“I wanted to get back to my musical roots,” he said, referring to his former days as a guitar player. “I liked the business model and wanted to put my own twist on it and create a place that would foster creativity.”
Woody says he picked his location, in the south Sparks industrial district because he really likes the area and was looking for a place off the beaten path. The location he found on Greg Street was perfect for what he was looking to do. After being in the Sparks area for three years, Woody is happy with the location. Its lack of foot traffic and its location near the freeway make the industrial district an ideal place to have a business.
Despite the lack of drive-by business, he is currently at capacity, with every room being filled by word of mouth from the bands that practice in MRC.
“It’s a reliable and functional place to play and practice your art. The security is amazing, and the management is over the top in service,” said Sam Spivey of Sparks based band Authmentis, when asked about why he chose MRC for his band’s practice venue.
Casey Alden, also of Authmentis, says, “MRC is the step that most bands need to take in order to get to the next level. This facility makes being in a band a community effort rather than a garage experience.”
The top draw of MRC could be its “Center Stage” room. Currently used for multiple functions, including business parties, seminars, and workshops, MRC officials soon hope to be able to do live streaming and host webinars.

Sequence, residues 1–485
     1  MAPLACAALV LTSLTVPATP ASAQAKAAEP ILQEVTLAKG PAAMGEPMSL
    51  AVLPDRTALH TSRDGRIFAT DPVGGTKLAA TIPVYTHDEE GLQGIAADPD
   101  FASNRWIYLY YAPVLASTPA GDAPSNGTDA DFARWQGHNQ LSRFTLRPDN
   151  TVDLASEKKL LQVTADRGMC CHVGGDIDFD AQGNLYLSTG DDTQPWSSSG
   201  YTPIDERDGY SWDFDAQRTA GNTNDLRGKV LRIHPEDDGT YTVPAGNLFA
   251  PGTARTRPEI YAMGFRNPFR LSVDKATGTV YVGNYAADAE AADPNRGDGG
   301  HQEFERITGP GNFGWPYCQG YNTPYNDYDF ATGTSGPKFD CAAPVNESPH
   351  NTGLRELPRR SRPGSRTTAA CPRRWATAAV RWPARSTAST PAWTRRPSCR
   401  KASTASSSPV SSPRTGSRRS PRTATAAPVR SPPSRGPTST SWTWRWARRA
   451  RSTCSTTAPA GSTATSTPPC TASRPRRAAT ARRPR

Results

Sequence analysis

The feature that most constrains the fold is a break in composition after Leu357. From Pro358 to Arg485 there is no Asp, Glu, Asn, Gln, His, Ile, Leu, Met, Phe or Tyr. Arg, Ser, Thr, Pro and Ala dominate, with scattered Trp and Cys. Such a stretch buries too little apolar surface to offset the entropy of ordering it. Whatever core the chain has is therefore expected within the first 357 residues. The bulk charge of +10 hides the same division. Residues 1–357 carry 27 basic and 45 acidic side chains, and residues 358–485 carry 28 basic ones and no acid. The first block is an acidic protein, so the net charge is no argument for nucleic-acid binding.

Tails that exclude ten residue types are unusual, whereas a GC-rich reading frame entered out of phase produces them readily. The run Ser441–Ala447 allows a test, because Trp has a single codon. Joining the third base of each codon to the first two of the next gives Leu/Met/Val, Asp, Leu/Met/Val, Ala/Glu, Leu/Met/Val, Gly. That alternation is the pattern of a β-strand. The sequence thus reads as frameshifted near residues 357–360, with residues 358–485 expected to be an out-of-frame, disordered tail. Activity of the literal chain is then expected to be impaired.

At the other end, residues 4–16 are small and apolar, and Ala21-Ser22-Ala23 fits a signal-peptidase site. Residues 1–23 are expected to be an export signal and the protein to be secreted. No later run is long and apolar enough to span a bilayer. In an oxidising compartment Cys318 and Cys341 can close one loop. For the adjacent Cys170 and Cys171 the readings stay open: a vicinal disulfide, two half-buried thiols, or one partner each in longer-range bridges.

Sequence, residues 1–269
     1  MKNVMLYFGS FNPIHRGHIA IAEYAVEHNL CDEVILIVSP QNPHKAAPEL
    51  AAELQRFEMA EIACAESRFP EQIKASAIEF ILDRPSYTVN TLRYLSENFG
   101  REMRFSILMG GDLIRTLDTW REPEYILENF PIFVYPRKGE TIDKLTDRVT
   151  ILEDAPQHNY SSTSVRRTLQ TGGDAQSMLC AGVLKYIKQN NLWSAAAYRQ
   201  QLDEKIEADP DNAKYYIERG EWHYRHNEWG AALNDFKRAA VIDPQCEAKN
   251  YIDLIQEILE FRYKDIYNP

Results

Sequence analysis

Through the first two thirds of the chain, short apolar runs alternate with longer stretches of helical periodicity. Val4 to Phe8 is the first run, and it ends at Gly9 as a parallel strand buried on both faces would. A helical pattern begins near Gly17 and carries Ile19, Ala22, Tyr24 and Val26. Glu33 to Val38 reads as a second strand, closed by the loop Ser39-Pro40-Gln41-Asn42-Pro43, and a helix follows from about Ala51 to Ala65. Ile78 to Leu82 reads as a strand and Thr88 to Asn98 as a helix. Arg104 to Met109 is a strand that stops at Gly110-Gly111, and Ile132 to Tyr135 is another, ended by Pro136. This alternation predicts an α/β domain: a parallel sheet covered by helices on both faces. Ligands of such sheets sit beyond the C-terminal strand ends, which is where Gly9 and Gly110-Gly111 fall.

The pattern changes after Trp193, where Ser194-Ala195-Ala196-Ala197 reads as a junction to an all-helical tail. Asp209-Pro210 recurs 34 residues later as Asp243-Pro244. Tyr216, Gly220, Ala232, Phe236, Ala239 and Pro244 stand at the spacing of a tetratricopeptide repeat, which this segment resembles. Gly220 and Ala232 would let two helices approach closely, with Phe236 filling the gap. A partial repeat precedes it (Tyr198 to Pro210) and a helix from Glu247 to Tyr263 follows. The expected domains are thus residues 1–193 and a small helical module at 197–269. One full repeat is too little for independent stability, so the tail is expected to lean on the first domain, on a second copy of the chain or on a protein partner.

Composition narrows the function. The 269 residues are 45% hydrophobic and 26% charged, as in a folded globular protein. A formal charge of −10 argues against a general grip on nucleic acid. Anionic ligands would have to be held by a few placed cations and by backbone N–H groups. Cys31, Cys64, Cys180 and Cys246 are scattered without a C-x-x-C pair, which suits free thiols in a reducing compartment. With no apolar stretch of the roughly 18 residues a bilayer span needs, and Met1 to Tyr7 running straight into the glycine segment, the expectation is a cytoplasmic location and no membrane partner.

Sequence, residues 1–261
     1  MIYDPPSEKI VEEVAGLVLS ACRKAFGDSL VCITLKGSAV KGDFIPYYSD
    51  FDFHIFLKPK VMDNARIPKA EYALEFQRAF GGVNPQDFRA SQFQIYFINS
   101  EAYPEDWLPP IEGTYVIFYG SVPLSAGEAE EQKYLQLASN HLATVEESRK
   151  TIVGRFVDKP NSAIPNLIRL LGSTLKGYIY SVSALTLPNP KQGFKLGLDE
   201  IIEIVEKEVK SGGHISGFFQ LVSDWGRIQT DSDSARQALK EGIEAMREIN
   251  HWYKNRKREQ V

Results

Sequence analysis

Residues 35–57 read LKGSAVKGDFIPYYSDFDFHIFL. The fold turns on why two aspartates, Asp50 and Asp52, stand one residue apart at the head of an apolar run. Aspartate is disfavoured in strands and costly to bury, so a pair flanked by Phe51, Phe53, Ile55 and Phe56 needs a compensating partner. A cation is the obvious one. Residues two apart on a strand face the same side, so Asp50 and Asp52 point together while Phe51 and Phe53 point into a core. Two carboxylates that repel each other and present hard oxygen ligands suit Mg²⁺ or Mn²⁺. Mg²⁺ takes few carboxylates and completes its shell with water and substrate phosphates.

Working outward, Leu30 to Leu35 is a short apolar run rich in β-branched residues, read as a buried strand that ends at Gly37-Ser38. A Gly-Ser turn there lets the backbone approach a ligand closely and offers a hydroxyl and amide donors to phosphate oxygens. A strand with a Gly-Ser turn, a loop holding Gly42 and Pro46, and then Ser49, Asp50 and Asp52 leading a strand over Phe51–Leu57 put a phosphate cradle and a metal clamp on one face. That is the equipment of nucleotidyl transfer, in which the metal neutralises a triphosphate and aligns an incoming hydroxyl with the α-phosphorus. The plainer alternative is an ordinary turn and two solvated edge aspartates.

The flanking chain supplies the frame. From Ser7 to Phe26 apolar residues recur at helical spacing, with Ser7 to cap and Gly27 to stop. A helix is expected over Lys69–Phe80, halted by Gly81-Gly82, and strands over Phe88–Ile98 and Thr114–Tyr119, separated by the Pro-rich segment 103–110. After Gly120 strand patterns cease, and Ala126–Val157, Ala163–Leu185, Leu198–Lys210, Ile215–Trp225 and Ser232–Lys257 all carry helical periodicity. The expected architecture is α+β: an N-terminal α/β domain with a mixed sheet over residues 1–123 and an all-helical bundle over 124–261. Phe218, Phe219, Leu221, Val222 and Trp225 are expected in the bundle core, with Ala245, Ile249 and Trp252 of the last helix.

Center Stage was initially designed for live concert-style video production for bands. Gene Larson, who produced video in Vegas showrooms for 20 years through the 1980s and ‘90s helped Woody design Center Stage.
“It was crafted to have “perfect audio, perfect lighting and thereby perfect videos.” Larson says. Every event that is played in Center Stage is recorded in 24-track audio. In the post-production process, Larson tweaks the audio and the video to make bands, artists and businesses look and sound the best they possibly can at a fraction of the cost because everything is pre-wired. Set-up and tear-down for a six-camera shoot only takes about 20 minutes apiece, so Larson and Woody can pass those savings onto the bands.
In addition to Center Stage itself, Woody can call in hair and makeup artists to help bands or businesses get ready for shows.
MRC also works in conjunction with KDOT to do closed concerts that benefit charities. In the afternoons before national acts play at other local venues, they can come into MRC and do an acoustic show for between 50 and 60 people, though Woody and Larson are both adamant that they are not a venue.
“Our feeling is everyone who gets on that stage is a rock star. Whether your signed and touring or not. That’s how you get treated at MRC.” Larson said.
The rooms bands practice in were built to specification to get the best sound without disturbing practicing bands in adjacent rooms. Each practice room has double-wall construction, nine-and-a-half foot ceilings, is double-sheet rocked, air gapped and equipped with a 20-amp circuit.
MRC boasts a high quality closed-camera security system with cloud backup as well as a drive-in loading bay so bands can drive in and load their gear out of potential elements from poor weather. The doors are always locked. Access to the building is only available with a key fob or by calling Woody for a tour.
“It really is all to cater to the musicians ‘cause they have it tough enough as it is.” Woody says.
“Being in a band has never been easy but MRC provides a community of amazing artists that have united together in making the music scene something to take notice of,” Alden adds.
For tours or to apply to be a makeup or hair artist for MRC, call Bill Woody at 355-9494.